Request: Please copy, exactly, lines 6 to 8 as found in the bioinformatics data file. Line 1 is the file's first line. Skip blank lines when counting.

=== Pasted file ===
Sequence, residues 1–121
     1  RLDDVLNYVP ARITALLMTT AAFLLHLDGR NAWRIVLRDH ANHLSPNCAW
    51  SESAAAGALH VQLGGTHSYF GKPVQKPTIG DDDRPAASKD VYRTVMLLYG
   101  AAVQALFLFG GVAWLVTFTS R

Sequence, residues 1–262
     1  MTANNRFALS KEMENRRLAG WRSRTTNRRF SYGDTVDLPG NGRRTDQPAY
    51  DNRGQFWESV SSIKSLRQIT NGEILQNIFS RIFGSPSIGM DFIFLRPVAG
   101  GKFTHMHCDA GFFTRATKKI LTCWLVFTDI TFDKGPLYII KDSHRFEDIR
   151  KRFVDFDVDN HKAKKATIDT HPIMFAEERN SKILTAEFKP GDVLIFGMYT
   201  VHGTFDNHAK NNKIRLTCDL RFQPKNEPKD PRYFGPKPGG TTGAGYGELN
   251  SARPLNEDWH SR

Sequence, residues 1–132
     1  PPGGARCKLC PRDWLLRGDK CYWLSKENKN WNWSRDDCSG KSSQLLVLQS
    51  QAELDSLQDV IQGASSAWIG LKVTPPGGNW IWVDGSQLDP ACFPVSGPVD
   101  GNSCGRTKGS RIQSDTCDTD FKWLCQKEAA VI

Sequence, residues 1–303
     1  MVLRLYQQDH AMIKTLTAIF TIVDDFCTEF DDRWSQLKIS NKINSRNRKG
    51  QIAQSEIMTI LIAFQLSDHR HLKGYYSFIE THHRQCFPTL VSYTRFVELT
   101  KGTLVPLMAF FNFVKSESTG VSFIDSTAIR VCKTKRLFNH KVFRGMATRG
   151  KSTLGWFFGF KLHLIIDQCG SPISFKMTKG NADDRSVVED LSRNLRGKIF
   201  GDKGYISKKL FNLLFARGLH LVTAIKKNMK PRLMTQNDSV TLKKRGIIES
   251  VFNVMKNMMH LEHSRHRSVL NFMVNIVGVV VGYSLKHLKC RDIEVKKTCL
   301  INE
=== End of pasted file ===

     1  MTANNRFALS KEMENRRLAG WRSRTTNRRF SYGDTVDLPG NGRRTDQPAY
    51  DNRGQFWESV SSIKSLRQIT NGEILQNIFS RIFGSPSIGM DFIFLRPVAG
   101  GKFTHMHCDA GFFTRATKKI LTCWLVFTDI TFDKGPLYII KDSHRFEDIR